There are many extremely talented and committed artists in the world. As published on the ‘Crazyy Tattoos’ (yup, with two y’s) Instagram page, some of the most stunning tattoo designs are what we’ll be exploring in-depth today.

Crazyy Tattoos, a page with a mind-blowing 1.1 million followers, honors the best of the great and the weirdest of the bizarre. Whether you are completely covered in tattoos or like to admire amazing patterns from a distance, the details are amazing and they are genuinely inspiring. We don’t know what will make you exclaim “Whoa!” like Neo from The Matrix if these things don’t.

Consider which of these images most impressed you as you vote for your favorite designs, and tell us about it in the comments. Readers, please tell us all about how you acquired your first tattoos if you feel like sharing in the meanwhile.




The quality of a tattoo primarily rests “on the expertise of the artist, with the equipment a very close second,” according to David, the tattoo artist in charge of the Archangel 1608 Tattoo Studio.

“As tattooing is big business now, so is supplying tattooists with equipment. This means there are more companies than ever competing for our business, and having to refine and improve the quality of their products to be competitive,” he told us.

“It’s really hard to get a lot of minute detail into a tattoo, and for the tattoo to keep that detail over time.”




The tattoo artist claims that the lines will deepen and stretch out as tattoos get older. This means that a tattoo will ultimately lose its sharpness and clarity, no matter how amazing it was at first. Time moves forward.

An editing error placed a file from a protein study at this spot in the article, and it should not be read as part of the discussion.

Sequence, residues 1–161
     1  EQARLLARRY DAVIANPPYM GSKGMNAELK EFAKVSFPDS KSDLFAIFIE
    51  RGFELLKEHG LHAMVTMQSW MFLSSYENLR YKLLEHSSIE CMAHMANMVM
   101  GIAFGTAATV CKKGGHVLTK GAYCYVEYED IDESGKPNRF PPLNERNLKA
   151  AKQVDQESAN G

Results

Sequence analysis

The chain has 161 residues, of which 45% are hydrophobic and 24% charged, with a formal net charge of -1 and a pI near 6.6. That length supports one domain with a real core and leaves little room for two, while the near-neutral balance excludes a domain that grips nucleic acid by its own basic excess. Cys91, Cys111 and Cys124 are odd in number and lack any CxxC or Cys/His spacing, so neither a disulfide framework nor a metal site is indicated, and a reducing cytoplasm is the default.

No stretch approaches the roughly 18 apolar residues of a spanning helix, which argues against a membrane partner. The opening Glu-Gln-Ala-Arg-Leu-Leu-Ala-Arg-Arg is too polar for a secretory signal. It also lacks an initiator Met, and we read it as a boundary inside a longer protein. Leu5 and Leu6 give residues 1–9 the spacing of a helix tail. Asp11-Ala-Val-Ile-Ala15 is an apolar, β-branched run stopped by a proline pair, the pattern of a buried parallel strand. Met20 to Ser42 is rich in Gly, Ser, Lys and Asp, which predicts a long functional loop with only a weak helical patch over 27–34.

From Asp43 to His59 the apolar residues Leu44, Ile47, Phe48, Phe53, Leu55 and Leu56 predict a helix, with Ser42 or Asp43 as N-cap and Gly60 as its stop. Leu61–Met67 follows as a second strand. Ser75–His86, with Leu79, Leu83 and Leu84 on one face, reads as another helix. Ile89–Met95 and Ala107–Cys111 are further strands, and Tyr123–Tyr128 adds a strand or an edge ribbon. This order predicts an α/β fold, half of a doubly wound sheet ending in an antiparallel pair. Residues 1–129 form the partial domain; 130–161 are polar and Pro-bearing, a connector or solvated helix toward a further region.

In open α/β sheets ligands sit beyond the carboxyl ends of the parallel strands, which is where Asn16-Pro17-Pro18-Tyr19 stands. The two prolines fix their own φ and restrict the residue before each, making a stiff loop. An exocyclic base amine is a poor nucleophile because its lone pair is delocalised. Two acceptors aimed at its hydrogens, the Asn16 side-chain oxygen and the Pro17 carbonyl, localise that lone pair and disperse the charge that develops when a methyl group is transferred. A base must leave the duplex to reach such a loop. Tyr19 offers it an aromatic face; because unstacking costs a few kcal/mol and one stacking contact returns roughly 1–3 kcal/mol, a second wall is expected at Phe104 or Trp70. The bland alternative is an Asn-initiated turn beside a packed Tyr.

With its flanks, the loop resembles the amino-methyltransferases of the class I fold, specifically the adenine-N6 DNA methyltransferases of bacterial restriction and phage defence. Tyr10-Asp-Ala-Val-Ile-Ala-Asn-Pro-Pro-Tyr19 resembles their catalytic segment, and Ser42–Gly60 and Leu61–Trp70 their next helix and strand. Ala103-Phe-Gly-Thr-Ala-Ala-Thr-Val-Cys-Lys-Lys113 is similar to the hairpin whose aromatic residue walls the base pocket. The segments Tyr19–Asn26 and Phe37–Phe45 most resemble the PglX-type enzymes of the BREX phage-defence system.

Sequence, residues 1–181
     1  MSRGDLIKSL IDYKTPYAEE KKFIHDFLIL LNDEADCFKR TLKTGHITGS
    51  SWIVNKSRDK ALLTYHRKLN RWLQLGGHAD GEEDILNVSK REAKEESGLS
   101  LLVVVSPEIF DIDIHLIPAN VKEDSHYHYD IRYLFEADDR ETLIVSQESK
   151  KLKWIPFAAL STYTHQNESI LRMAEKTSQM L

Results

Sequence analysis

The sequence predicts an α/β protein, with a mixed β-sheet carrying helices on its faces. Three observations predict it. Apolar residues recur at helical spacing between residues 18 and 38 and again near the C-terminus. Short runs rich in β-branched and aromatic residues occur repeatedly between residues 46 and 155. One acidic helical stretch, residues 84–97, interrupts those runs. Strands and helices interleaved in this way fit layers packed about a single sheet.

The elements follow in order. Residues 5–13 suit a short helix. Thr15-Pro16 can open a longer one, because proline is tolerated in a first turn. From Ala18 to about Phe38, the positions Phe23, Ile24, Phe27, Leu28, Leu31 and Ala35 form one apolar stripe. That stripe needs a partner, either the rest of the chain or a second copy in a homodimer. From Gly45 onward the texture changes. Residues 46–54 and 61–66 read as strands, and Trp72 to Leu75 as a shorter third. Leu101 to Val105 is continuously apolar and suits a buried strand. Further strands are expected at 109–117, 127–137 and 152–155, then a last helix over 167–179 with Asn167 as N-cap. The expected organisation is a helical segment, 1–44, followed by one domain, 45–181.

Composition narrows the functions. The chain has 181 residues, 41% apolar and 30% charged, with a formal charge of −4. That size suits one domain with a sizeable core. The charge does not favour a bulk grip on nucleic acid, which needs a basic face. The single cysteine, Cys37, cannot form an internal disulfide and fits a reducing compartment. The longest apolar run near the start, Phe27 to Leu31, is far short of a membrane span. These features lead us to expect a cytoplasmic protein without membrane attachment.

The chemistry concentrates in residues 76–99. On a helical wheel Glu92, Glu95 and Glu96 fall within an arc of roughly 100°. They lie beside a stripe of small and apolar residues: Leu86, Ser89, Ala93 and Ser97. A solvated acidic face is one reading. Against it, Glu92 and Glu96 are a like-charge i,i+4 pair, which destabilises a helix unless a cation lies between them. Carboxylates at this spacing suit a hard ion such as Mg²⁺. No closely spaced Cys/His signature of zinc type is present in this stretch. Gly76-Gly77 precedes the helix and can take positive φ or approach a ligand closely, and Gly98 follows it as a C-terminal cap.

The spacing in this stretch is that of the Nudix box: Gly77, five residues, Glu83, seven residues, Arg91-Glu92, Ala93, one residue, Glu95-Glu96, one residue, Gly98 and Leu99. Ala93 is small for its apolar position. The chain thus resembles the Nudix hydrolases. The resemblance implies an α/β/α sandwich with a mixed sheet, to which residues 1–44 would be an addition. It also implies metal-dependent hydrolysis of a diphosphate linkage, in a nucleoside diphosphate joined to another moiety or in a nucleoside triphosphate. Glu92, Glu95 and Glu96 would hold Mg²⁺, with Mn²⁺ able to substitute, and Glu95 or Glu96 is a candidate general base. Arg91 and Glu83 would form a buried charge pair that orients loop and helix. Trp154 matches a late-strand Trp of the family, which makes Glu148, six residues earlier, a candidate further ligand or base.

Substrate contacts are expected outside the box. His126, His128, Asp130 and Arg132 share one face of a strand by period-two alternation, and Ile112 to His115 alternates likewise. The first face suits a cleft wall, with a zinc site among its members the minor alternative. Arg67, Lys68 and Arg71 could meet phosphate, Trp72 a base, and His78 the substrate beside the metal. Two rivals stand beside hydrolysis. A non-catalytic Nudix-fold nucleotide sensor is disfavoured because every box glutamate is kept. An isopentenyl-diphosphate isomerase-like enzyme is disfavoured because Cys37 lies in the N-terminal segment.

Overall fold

“This is the sign of a great tattooist— knowing just how much detail to put in, with the finest needles, that will last the test of time. Unfortunately, we see a lot of work now—micro portraits mainly—that will only look good for a few weeks, then like mush forever after,” he warned.

According to David, today’s high-quality inks will endure an infinite amount longer than earlier inks. “Generally, a good tattoo won’t need to be touched up for at least 20-25 years, if at all.”





Sadly, not everyone treats tattoo artists with the honor and gratitude they merit. They are artists, and what they produce is truly an art, thus the clue is in the word. Their talent and commitment to their craft are often exceptional.

You must always remember that they are drawing on a real person, not merely creating images in pixels or on paper. To produce the best designs, one needs steely nerves, creativity, and patience. designs that are circulated on social media for years to come all throughout the world.

Bored Panda learned a lot about the tattoo artist trade during a few earlier interviews with tattoo expert David, the brains behind Glasgow’s Archangel 1608 Tattoo Studio. We also got a glimpse into the bond that these artists develop with their patrons.

According to David, practicing on various objects will “help them get the mechanics and methods to tattoo properly.”